He let me know that he didn't have time for that unless I wanted to come back later to pick them up. He indicated I could print them out myself. His tone was, frankly, condescending. It was clear he found my request irritating. This seemed odd to me, as up to this point my manner was at the very least professional. I accepted that it wasn't something he could do while I was there. It still met my needs to print them out myself while I was using a copy machine.
The screen on the card reader had a string of characters that didn't look like the ones on the other card readers, but I put my card in anyway. It made a series of error beeps and ejected the card. I tried again, it did the same.
By this time a few things are clear to me. Your employee is very, very, very busy, doesn't have time to offer any actual customer service, and thinks I'm an idiot.
I was ready to leave the poor man in peace, but I needed copies of a few books which I had intended to do on the self-serve machine while the files were printing, so I began to address that task instead--on my own. After a minute or two the irritated employee's co-worker noticed that nothing was printing and asked if I'd been able to use the machine. I said, "No, it's not working." He insisted that it was and that "we can try again when you're done copying."
I work full time in educational publishing. I have my own fax machine, my own printer, and my own computer. What I don't have is a fast copy machine and the ability to print 11" x 17" files. I'm in the habit of using your services for that. In this case because I have a series of tight deadlines this week, it was my hope that I could have you print the files for me while I was doing the copying so that a) I could save on ink and b) the printing would be done faster. I was willing to pay more for help. In other words, I was willing to pay for the customer service.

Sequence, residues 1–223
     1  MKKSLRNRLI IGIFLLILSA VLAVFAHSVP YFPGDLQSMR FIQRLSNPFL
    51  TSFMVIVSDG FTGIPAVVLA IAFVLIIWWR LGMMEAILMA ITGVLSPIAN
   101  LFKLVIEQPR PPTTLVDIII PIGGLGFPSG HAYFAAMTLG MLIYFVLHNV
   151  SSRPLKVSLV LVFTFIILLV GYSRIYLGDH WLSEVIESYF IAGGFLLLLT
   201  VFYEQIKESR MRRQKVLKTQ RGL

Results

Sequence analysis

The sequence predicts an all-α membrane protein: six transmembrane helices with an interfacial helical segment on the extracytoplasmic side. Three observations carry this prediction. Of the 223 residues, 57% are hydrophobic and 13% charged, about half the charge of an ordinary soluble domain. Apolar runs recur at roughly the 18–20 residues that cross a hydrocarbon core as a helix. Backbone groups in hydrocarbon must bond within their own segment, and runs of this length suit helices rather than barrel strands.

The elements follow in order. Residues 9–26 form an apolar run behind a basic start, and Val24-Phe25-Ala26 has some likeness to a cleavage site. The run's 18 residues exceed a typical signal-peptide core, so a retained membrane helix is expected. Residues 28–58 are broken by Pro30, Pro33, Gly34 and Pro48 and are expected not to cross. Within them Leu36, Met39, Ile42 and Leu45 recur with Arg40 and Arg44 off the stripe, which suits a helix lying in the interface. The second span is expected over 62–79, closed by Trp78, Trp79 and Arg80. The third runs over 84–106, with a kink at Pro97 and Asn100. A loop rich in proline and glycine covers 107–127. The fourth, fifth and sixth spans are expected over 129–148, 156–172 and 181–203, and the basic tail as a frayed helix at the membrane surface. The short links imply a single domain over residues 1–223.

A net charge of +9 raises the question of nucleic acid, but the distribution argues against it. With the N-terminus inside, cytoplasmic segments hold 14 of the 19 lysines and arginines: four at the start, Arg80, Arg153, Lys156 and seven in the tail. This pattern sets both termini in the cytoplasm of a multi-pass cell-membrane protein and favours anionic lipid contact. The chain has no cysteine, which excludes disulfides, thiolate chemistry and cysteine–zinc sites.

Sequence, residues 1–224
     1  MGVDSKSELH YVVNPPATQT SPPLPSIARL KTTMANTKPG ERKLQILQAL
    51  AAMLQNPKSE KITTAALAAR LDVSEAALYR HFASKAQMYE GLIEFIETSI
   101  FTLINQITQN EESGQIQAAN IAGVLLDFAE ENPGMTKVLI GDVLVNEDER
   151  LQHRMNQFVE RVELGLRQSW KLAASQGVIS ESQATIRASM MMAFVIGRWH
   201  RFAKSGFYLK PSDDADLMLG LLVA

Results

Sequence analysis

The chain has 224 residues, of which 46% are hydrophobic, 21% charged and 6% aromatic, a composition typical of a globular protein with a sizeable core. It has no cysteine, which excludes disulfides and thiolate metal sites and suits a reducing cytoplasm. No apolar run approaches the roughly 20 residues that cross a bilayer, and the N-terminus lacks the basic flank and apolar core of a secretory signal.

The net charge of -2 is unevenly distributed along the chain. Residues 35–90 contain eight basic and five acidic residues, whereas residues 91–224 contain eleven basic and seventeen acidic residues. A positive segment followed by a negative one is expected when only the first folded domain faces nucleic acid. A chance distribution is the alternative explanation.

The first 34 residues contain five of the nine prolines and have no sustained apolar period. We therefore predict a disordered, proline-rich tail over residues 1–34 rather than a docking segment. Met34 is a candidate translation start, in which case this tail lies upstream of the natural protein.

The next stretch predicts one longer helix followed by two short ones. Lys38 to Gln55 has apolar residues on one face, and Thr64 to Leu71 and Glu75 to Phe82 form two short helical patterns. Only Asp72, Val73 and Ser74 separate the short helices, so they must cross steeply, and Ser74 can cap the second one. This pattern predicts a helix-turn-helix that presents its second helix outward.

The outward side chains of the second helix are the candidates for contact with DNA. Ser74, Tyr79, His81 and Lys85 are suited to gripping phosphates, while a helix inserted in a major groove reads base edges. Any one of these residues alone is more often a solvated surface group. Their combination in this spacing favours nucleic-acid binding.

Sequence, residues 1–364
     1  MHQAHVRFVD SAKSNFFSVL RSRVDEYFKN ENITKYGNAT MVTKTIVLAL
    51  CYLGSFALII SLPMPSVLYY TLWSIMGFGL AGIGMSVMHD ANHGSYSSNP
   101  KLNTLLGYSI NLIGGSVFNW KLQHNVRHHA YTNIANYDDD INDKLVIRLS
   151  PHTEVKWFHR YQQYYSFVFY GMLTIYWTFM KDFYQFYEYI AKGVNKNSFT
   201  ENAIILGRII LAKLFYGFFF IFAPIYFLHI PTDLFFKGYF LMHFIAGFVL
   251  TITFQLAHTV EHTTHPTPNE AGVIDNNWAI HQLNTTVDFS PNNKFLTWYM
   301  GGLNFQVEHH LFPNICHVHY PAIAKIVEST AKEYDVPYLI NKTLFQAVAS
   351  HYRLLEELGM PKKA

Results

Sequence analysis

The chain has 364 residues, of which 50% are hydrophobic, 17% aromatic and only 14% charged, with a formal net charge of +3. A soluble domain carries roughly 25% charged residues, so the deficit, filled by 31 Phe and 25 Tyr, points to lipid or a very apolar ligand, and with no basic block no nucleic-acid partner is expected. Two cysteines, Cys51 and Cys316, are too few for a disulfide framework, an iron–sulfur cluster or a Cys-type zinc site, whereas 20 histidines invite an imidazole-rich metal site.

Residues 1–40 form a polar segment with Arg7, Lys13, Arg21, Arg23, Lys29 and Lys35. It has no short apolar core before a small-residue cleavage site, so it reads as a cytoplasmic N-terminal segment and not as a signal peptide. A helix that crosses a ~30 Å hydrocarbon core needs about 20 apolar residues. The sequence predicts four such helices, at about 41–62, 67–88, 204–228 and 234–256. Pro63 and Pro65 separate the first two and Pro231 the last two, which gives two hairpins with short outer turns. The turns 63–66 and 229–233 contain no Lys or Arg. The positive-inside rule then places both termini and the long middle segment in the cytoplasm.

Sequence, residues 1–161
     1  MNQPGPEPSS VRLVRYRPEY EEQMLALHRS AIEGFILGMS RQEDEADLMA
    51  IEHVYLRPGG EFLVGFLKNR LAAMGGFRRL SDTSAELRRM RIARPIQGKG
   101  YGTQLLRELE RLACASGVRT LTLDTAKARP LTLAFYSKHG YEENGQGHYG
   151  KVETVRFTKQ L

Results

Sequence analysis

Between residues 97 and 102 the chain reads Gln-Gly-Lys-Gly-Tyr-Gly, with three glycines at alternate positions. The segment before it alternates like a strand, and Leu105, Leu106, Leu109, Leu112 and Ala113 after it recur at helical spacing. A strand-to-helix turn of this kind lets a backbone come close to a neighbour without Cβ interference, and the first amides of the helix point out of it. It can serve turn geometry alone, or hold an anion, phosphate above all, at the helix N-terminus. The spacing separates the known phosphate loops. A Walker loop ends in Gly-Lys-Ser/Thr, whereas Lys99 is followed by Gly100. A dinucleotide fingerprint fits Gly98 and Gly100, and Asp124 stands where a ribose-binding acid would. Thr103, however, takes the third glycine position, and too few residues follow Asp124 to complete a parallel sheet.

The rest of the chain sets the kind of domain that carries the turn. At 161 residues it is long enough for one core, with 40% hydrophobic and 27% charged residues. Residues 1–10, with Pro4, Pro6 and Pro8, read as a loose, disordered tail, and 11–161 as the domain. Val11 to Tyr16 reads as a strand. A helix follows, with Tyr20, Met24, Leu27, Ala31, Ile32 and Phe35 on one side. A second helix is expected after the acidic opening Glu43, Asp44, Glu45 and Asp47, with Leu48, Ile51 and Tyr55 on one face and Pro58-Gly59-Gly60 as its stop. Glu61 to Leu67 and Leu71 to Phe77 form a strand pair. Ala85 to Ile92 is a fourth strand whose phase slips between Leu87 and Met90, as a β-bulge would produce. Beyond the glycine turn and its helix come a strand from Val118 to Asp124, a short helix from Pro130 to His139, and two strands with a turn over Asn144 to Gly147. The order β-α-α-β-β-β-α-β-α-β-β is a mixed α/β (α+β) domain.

Helping your employee verify that the card scanner on the other machine wasn't working was not why I was there. Printing the materials myself after I made the copies was not why I was there. Having made the copies, the files are now printing at home. So, I can do that all by myself.
When I was done making the copies, the co-worker came over again and asked if I wanted help using the other machine. I told him that it wasn't worth it. I left without further conversation.
I'm aware that there can be a long list of jobs to do there. I worked for Kinko's for a year when I was in graduate school and your employees were in preschool. When I worked for Kinko's most people couldn't do their own resumes on computers. I walked hundreds of people through the steps of using Word and WordPerfect. It was probably WordPerfect 3.0! I taught them how to turn on the computer, which end of the floppy disk to put in the computer first, and how to save their work. It didn't pay very well, but the job was fun and the hours were flexible.